hum (n.) Look up hum at
mid-15c., "a murmuring sound made with the voice," from hum (v.).
human (adj.) Look up human at
mid-15c., humain, humaigne, "human," from Old French humain, umain (adj.) "of or belonging to man" (12c.), from Latin humanus "of man, human," also "humane, philanthropic, kind, gentle, polite; learned, refined, civilized." This is in part from PIE *(dh)ghomon-, literally "earthling, earthly being," as opposed to the gods (see homunculus). Compare Hebrew adam "man," from adamah "ground." Cognate with Old Lithuanian zmuo (accusative zmuni) "man, male person."

Human interest is from 1824. Human rights attested by 1680s; human being by 1690s. Human relations is from 1916; human resources attested by 1907, American English, apparently originally among social Christians and based on natural resources.
human (n.) Look up human at
"a human being," 1530s, from human (adj.). Its Old English equivalent, guma, survives only in disguise in bridegroom.
humane (adj.) Look up humane at
mid-15c., a parallel variant of human (adj.), with a form and stress that perhaps suggest a stronger association with Latin humanus than with Old French humain. Human and humane were used interchangeably in the senses "pertaining to a human being" and "having qualities befitting human beings" (c. 1500). The latter at first meant "courteous, friendly, civil, obliging," then "marked by tenderness, compassion, and a disposition to kindly treat others" (c. 1600). By early 18c. the words had differentiated in spelling and accent and humane took the "kind" sense.

Compare germane, urbane. Meaning "inflicting less pain than something else" is from 1904. Inhuman is its natural opposite. The Royal Humane Society (founded 1774) was originally to rescue drowning persons; such societies had turned to animal care by late 19c.
humanely (adv.) Look up humanely at
1590s, from humane + -ly (2).
humaneness (n.) Look up humaneness at
1809, from humane + -ness.
humanism (n.) Look up humanism at
along with humanist used in a variety of philosophical and theological senses 16c.-18c., especially ones concerned with the (mere) humanity of Christ, or imitating Latin humanitas "education befitting a cultivated man." See human (adj.) + -ism. In the sense "the doctrine or science of human nature," humanics (1864) has been used.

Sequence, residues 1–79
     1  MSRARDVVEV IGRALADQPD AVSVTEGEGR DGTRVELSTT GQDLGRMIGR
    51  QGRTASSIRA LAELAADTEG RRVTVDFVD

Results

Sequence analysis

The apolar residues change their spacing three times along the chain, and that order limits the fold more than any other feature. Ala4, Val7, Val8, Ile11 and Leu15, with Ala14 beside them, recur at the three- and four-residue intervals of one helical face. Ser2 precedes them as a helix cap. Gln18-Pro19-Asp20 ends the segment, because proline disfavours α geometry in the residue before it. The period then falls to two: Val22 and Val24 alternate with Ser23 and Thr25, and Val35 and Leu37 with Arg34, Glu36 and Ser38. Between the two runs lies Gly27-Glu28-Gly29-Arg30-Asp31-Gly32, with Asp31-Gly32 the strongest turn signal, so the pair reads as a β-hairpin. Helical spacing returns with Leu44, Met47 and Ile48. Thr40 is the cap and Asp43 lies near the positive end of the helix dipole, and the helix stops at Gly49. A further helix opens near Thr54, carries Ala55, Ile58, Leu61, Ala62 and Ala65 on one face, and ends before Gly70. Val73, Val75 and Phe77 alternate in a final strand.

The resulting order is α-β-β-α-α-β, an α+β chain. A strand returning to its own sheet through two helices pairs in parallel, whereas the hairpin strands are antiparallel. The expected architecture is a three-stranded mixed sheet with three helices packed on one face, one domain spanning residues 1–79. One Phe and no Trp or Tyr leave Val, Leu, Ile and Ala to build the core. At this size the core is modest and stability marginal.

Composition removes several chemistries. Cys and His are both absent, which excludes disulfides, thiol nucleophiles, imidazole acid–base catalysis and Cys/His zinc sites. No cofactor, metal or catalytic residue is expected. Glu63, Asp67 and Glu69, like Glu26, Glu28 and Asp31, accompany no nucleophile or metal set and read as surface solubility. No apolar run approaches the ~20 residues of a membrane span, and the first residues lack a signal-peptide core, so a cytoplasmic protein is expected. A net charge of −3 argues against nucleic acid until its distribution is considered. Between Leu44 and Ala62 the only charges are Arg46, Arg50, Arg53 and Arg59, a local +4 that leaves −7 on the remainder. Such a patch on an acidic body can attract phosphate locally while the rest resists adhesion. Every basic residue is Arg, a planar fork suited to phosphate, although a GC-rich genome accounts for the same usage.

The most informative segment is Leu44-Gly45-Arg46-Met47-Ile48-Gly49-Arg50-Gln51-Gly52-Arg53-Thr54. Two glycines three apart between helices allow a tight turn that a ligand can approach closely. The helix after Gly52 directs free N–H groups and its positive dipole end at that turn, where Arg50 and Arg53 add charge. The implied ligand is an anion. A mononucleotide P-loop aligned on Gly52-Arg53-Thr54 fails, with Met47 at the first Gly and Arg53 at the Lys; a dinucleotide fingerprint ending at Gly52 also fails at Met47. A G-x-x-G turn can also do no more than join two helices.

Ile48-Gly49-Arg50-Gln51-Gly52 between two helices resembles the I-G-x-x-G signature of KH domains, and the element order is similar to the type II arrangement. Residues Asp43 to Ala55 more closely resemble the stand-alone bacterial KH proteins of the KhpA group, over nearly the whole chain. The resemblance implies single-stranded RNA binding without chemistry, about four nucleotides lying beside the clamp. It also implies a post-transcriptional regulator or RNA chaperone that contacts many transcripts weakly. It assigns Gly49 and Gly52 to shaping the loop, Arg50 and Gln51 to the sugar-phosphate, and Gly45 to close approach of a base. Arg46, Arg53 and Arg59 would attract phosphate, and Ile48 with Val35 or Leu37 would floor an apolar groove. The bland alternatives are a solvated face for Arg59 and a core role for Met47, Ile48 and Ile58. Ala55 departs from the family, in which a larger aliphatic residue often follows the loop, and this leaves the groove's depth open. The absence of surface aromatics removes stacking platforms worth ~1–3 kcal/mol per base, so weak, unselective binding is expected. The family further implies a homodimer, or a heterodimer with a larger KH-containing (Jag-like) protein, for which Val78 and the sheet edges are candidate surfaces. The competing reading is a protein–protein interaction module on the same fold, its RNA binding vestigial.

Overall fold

From 1832 in reference to "intelligent study and appreciation of the classics," especially in reference to the Renaissance. By 1847 in reference to "system or mode of thought in which human interests predominate" (originally often in the writings of its enemies). As a pragmatic system of thought, defined 1907 by co-founder F.C.S. Schiller as "The perception that the philosophical problem concerns human beings striving to comprehend a world of human experience by the resources of human minds."
humanist (n.) Look up humanist at
1580s, "student of the classical humanities, one accomplished in literature and classical culture," from Middle French humaniste (16c.), formed on model of Italian umanista "student of human affairs or human nature," coined by Italian poet Lodovicio Ariosto (1474-1533), from Latin humanus "human" (see human (adj.).

In this use, the original notion appears to be "human" as opposed to "divine," that is, a student of the human achievements of the pre-Christian authors and philosophers, as opposed to the theological studies of the divines. As "this new-old learning had, or was credited with, a tendency to loosen the hold of the Church upon men's beliefs," humanist also gradually came to mean "free-thinker" [Fowler]. Philosophical sense is from 1903, from Comte's Religion of Humanity (compare humanism), unconnected to the two earlier meanings, "though accidentally near one of them in effect" [Fowler].
humanistic (adj.) Look up humanistic at
1845 (humanistical is from 1716), in reference to Renaissance or classical humanism; from humanist + -ic. From 1904 in reference to a modern philosophy that concerns itself with the interests of the human race.
humanitarian (n.) Look up humanitarian at
1794 in the theological sense "one who affirms the humanity of Christ but denies his pre-existence and divinity," from human (adj.) + suffix from unitarian, etc. By 1834 as "one who professes the creed that a person's highest duty is to advance the welfare of the human race," but the closely allied sense "philanthropist, one who advocates or practices human action to solve social problems" (1842), originally was disparaging, with a suggestion of excess. Compare humanism.

As an adjective by 1834 in the theological sense "affirming the humanity or human nature of Christ;" by 1855 as "having regard for the broad interests of humanity."
humanitarianism (n.) Look up humanitarianism at
by 1794 as a Christian theological position that Jesus Christ possessed a human nature only, from humanitarian + -ism.As "the doctrine that philanthropy or ethical benevolence is the highest of human duties," it is attested by 1838.
humanities (n.) Look up humanities at
1702; plural of humanity (n.), which had been used in English from late 15c. in a sense "class of studies concerned with human culture" (opposed variously and at different times to divinity or sciences). Latin literae humaniores, they are fondly believed to have been so called because they were those branches of literature (ancient classics, rhetoric, poetry) which tended to humanize or refine by their influence, but perhaps originally the distinction was of human topics as opposed to divine ones (literae divinae).